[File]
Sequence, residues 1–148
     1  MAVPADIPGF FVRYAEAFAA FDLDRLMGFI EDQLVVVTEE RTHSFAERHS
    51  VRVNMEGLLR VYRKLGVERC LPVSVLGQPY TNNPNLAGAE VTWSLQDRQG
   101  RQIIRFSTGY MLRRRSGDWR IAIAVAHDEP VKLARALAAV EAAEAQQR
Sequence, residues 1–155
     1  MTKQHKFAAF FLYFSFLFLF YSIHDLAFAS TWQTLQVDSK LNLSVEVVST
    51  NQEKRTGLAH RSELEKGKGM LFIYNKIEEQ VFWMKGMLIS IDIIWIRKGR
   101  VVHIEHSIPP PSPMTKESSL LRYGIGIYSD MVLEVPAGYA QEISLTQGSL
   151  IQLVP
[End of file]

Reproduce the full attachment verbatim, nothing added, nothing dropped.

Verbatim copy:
Sequence, residues 1–148
     1  MAVPADIPGF FVRYAEAFAA FDLDRLMGFI EDQLVVVTEE RTHSFAERHS
    51  VRVNMEGLLR VYRKLGVERC LPVSVLGQPY TNNPNLAGAE VTWSLQDRQG
   101  RQIIRFSTGY MLRRRSGDWR IAIAVAHDEP VKLARALAAV EAAEAQQR
Sequence, residues 1–155
     1  MTKQHKFAAF FLYFSFLFLF YSIHDLAFAS TWQTLQVDSK LNLSVEVVST
    51  NQEKRTGLAH RSELEKGKGM LFIYNKIEEQ VFWMKGMLIS IDIIWIRKGR
   101  VVHIEHSIPP PSPMTKESSL LRYGIGIYSD MVLEVPAGYA QEISLTQGSL
   151  IQLVP